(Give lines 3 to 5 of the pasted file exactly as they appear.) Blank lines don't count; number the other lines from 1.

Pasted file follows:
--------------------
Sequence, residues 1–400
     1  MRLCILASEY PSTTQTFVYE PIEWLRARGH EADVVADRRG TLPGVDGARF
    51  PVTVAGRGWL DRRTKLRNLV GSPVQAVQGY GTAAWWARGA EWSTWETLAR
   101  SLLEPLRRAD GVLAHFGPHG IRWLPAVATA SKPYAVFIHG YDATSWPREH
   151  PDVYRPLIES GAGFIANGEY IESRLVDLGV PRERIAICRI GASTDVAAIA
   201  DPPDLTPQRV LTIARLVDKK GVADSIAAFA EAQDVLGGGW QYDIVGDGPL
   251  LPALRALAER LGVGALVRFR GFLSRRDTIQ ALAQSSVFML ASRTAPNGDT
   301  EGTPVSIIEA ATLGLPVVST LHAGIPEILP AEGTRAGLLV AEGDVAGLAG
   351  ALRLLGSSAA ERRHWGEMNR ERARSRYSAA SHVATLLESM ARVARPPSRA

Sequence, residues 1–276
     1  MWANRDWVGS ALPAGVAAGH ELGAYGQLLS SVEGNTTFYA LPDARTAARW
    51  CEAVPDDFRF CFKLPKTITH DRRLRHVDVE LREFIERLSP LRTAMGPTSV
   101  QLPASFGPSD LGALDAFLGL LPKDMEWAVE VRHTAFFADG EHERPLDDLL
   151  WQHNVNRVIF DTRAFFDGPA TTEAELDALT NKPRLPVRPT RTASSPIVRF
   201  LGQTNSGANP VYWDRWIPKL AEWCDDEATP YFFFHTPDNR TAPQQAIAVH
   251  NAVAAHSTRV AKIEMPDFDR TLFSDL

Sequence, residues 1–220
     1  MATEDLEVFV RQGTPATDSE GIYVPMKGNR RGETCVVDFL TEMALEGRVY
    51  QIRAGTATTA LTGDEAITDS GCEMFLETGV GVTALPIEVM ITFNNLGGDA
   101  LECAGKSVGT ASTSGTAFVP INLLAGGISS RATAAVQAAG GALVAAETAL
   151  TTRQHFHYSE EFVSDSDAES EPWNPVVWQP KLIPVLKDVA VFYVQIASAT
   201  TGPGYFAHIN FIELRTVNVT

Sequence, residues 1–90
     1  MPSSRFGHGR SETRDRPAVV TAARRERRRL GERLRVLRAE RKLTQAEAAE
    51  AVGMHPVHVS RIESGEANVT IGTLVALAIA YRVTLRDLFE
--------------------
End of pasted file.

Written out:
    51  PVTVAGRGWL DRRTKLRNLV GSPVQAVQGY GTAAWWARGA EWSTWETLAR
   101  SLLEPLRRAD GVLAHFGPHG IRWLPAVATA SKPYAVFIHG YDATSWPREH
   151  PDVYRPLIES GAGFIANGEY IESRLVDLGV PRERIAICRI GASTDVAAIA